At some point, the wages laborers demand will exceed the cost of automating their work. It may take many years and lots of effort, but machine learning models will keep getting better and compute cheaper. Eventually and almost certainly, a robot will be able to do your job - at first poorly, and then less so.
While increasing minimum wage seems sensible and ethical, it also incentivizes faster automation (at least for low-wage jobs at big companies). Small businesses with unskilled work - and where that work doesn’t immediately and obviously increase revenue - will be unable (or unwilling) to hire. This class of businesses and the corresponding jobs will disappear.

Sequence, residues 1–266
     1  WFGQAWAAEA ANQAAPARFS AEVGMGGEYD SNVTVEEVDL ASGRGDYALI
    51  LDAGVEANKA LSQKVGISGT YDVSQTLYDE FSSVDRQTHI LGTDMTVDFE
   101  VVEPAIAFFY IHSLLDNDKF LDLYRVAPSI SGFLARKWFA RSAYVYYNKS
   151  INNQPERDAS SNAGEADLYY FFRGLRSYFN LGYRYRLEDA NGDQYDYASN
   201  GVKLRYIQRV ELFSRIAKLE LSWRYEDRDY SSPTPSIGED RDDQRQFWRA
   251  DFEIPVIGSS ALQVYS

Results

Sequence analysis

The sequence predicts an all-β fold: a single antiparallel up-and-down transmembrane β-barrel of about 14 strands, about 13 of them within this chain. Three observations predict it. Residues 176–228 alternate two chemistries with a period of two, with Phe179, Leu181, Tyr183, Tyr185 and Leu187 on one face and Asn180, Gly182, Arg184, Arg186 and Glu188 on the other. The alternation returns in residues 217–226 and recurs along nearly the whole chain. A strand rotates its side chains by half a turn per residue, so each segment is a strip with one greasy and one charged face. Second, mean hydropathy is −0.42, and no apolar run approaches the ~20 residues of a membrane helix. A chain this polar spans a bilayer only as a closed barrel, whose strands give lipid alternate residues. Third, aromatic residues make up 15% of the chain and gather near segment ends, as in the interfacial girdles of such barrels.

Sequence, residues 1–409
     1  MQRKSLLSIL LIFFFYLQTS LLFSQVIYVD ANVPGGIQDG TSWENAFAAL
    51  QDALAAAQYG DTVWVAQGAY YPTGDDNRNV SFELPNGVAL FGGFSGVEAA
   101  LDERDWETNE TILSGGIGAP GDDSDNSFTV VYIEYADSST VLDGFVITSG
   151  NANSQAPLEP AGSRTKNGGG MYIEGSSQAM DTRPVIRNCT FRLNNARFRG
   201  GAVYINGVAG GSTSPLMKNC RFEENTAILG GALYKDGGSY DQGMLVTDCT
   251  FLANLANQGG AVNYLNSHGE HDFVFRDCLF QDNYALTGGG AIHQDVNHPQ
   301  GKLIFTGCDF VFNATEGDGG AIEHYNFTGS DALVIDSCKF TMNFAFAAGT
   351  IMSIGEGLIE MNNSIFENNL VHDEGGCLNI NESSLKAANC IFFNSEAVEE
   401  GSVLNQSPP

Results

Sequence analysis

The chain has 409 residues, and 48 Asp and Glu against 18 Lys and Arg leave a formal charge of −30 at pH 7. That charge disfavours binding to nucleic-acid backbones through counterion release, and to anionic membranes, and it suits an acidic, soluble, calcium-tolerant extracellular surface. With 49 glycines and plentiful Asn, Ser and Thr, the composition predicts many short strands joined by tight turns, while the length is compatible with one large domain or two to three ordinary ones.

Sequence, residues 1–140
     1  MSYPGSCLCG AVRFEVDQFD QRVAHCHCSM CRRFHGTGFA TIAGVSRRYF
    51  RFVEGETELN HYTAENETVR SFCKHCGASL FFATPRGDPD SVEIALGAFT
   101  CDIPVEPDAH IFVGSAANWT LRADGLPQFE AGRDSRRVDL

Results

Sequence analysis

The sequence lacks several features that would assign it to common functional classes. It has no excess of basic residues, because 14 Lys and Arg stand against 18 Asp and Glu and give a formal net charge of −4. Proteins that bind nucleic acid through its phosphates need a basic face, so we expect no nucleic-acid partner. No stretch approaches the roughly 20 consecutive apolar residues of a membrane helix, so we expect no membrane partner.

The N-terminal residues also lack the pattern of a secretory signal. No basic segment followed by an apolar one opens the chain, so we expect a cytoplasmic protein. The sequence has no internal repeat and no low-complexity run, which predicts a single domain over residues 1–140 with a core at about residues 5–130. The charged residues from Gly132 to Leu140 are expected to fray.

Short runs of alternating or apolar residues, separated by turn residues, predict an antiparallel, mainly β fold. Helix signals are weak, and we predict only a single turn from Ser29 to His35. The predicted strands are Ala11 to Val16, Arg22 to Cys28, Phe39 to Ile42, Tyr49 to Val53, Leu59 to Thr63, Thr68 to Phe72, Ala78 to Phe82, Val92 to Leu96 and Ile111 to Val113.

If you are labor, you cannot take job security for granted. Sure, the more specialized you are, the longer you will have before your job is automated. Your best source of protection is to continue to get smarter, faster at learning, more productive, better at leading, and more sophisticated. But at some point the robots will be better than you or at least good or cheap enough.
This is not as bad as it sounds, however, as this has always been the case. Humans are freed up to do higher order tasks as technology improves. This new technology inevitably brings about a novel class of tasks that laborers can service. This is how we get exponential expansion of possibility and new jobs.
While the intersection of the cost of labor and the cost of automation seems to be fast approaching, humans will take refuge in the jobs created a long the way.